Tropidechis carinatus

From Wikipedia, the free encyclopedia
  (Redirected from Rough-scaled snake)
Jump to: navigation, search
Rough-scaled Snake
Scientific classification
Kingdom: Animalia
Phylum: Chordata
Class: Reptilia
Order: Squamata
Suborder: Serpentes
Family: Elapidae
Genus: Tropidechis
Species: T. carinatus
Binomial name

The rough-scaled snake (Tropidechis carinatus) is a highly venomous Australian elapid. The animal's name comes from its scales that are raised above the surrounding scales and have rough texture. The scales are known as "keels".


The snake is brown to olive with narrow, irregular cross-bands or blotches of darker brown. The belly surfaces are greenish-grey or olive-cream, often with darker blotches. The mid-body scales have a raised keel or carinated appearance. The coloration and scale structure has led to some confusion with the non venomous keelback snake. It grows to around 70cm in length.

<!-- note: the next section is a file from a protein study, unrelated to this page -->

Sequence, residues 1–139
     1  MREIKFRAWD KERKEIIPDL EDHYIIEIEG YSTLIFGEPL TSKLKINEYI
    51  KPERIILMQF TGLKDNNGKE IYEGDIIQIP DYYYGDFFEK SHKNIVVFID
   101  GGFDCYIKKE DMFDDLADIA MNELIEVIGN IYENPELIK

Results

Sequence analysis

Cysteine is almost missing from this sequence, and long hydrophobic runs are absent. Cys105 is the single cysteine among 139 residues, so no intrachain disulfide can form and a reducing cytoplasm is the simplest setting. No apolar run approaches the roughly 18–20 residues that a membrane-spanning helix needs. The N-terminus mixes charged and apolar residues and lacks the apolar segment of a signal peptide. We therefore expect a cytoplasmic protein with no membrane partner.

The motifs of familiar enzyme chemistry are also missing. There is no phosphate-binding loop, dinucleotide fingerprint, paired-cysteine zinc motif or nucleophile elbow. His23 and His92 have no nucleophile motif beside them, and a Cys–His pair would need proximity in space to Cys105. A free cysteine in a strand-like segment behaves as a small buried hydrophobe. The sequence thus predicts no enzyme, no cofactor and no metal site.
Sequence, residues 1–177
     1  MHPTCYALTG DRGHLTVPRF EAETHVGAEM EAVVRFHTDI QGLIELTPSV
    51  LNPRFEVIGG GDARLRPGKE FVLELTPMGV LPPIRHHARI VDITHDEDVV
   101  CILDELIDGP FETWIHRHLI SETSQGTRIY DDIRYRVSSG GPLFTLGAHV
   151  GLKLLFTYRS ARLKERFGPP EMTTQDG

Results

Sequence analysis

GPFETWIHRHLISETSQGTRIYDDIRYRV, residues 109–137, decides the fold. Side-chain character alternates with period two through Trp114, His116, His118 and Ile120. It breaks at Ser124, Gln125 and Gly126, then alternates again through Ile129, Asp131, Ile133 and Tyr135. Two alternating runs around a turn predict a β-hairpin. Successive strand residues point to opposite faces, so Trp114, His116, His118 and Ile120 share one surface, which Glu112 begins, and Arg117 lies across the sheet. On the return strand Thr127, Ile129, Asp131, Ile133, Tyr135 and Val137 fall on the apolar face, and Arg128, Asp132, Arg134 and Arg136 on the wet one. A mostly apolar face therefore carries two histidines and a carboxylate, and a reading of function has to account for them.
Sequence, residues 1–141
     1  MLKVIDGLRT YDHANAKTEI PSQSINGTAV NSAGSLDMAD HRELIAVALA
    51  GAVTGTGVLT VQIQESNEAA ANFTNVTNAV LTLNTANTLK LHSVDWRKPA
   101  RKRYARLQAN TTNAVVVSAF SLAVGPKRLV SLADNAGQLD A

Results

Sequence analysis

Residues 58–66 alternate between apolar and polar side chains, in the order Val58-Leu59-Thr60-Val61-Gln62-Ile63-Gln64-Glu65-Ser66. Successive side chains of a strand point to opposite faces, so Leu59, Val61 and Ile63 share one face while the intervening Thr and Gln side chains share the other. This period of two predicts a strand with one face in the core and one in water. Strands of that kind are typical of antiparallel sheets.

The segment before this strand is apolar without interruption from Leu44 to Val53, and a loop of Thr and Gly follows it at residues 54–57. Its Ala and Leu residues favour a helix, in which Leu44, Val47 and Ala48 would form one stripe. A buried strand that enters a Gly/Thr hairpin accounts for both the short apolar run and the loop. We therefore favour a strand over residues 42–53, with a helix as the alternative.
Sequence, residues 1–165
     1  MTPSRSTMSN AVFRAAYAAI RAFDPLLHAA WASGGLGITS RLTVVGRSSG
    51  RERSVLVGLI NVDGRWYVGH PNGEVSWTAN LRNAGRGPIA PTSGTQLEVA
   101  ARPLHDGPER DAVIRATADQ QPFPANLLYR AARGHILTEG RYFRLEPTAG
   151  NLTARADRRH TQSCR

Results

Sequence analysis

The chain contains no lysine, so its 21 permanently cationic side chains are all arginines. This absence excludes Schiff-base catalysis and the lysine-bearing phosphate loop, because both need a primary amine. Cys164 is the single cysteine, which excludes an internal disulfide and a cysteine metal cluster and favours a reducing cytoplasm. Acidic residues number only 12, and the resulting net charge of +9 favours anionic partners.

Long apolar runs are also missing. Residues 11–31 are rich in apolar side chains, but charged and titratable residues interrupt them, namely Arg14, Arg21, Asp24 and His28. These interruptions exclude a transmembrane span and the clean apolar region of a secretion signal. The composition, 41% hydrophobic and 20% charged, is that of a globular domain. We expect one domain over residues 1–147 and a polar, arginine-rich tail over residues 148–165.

The snake's habitat includes rainforests, moist open air forests and waterways.[1] It is found from mid-eastern New South Wales to the tip of far-north Queensland.


The snake is active both day and night. It can climb trees in pursuit of prey. The rough-scaled snake is highly venomous and will readily bite if attacked or handled.


Variety of small vertebrates; frogs, lizards, small mammals, birds. Generally forages at ground level but can climb to take prey.[2]


The rough-scaled snake is a highly venomous snake. Its venom is a fast acting powerful neurotoxin that it is both presynaptic and post-synaptic. It has potent post-synaptic neurotoxins as well as potent pre-synaptic neurotoxins. It also has potent coagulants as well as myotoxins. It will readily bite and is known for its foul disposition and defensive nature. Several fatalities have occurred due to this species and it will strike rapidly in defense.

Reference List[edit]

  1. ^ Museum, QLD (2000). Wildlife of Tropical North Queensland. Queensland Museum. pp. 247–248. ISBN 0-7242-9349-3. 
  2. ^ "Wildlife Qld". Wildlife QLD Rough-Scaled Snake. Retrieved 22 January 2011.